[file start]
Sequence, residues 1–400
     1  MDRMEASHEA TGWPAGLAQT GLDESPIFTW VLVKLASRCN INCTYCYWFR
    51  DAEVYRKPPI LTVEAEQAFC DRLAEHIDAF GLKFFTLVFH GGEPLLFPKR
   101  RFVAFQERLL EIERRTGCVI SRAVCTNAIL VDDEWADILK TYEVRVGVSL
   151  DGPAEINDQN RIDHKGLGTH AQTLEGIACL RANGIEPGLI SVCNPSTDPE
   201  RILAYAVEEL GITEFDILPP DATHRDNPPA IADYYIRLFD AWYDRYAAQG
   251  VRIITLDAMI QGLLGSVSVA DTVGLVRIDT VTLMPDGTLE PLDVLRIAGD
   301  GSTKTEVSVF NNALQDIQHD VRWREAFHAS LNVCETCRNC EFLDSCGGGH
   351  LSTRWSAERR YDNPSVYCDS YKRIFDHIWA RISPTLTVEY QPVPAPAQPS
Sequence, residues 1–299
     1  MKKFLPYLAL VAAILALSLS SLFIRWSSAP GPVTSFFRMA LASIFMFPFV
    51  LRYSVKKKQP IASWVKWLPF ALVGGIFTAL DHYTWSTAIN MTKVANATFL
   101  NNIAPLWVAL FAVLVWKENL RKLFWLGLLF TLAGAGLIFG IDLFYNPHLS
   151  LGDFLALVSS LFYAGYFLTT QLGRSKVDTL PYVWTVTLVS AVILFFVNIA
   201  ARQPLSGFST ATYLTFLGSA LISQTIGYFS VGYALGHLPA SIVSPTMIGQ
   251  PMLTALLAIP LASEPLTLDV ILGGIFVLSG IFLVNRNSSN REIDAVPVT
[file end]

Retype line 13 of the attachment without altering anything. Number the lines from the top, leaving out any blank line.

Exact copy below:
   101  NNIAPLWVAL FAVLVWKENL RKLFWLGLLF TLAGAGLIFG IDLFYNPHLS